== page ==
As far as big moments go, this was a big one. Barack Obama tackling the controversy involving Jeremiah Wright, his ex pastor and friend for years.
"Reverend Wright's comments were not only wrong but divisive, divisive at a time when we need unity," Obama said.
Wright's sermons have become an unwelcome distraction for Obama.
In his speech, Obama made clear to outright reject these views:
"They expressed a profoundly distorted view of this country," he said.
"Did I ever hear him make remarks that could be considered controversial while I sat in church? Yes. Did I strongly disagree with many of his political views? Absolutely," he added.
Obama's critics wonder why he just didn't leave the church.
"I confess that if all that I knew of Reverend Wright were the snippets of those sermons that have run in an endless loop on the television and YouTube, or if Trinity United Church of Christ conformed to the caricatures being peddled by some commentators, there is no doubt that I would react in much the same way," he said.
But Obama says that's not the whole story.
"The man I met more than 20 years ago is a man who helped introduce me to my Christian faith, a man who spoke to me about our obligations to love one another; to care for the sick and lift up the poor."
Obama took the opportunity in the speech to go beyond the divisive words Wright was using and instead pivot to discuss racism in this country and the anger felt by some African Americans.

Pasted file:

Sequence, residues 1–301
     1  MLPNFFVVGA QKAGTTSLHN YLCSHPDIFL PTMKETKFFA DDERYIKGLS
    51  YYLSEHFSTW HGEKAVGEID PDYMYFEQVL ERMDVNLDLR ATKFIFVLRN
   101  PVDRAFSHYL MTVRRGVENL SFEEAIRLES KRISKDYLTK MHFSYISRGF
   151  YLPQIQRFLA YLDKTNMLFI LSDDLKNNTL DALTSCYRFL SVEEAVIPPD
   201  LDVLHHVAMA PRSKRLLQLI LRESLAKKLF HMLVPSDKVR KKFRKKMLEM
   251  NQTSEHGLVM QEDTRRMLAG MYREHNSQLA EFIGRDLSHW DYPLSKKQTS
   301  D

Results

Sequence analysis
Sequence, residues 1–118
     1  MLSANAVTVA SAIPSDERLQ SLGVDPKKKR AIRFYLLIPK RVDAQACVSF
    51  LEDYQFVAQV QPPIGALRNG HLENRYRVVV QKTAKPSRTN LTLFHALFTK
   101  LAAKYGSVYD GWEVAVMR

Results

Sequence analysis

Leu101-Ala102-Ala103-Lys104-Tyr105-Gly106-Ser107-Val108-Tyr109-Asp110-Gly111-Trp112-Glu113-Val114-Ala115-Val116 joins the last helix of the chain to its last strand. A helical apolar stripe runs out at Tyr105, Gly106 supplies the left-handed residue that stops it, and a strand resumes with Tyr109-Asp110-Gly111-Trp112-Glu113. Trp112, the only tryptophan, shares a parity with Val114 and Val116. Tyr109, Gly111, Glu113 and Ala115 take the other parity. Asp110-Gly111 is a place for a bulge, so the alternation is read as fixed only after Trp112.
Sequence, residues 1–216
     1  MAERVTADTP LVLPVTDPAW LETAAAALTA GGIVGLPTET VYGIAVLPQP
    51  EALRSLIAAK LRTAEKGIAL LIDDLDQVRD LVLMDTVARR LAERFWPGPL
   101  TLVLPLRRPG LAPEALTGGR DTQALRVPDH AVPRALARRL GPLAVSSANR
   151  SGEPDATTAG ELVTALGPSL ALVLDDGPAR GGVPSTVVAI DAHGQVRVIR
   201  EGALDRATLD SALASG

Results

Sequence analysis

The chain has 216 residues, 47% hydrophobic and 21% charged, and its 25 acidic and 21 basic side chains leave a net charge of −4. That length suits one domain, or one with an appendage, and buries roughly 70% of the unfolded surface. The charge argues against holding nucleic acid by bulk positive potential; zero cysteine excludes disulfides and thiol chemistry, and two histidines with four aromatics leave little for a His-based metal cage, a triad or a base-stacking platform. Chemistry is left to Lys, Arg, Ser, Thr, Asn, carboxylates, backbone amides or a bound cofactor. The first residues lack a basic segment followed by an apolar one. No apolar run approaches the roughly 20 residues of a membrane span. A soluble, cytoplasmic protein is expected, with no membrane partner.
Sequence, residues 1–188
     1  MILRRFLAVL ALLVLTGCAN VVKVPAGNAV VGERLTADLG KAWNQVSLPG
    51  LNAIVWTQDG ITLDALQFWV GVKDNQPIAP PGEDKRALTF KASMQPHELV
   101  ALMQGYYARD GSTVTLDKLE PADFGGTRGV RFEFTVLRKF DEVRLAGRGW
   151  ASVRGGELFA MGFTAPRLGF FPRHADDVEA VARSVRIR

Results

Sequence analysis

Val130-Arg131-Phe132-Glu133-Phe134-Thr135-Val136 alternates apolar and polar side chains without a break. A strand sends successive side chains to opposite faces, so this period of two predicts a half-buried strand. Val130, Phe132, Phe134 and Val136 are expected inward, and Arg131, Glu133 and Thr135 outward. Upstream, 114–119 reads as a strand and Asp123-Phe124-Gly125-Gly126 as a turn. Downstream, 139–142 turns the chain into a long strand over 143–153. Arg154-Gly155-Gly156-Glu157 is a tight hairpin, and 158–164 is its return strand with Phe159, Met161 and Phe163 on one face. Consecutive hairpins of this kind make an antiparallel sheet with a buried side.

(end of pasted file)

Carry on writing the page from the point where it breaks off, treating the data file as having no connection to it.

"The fact that so many people are surprised to hear that anger in some of Reverend Wright's sermons simply reminds us of the old truism that the most segregated hour in American life occurs on Sunday morning," he said.
Obama's main campaign theme has been about unity and change and he implored black Americans to not get stuck in anger.
Obama also had some straight talk for white Americans.
"What ails the African-American community does not just exist in the minds of black people; that the legacy of discrimination - and current incidents of discrimination, while less overt than in the past - are real and must be addressed," he said.
And yet at the same time, Obama says some white Americans are labeled racist when that's just not the case and offered a challenge for black Americans.
"To wish away the resentments of white Americans, to label them as misguided or even racist, without recognizing they are grounded in legitimate concerns - this too widens the racial divide, and blocks the path to understanding."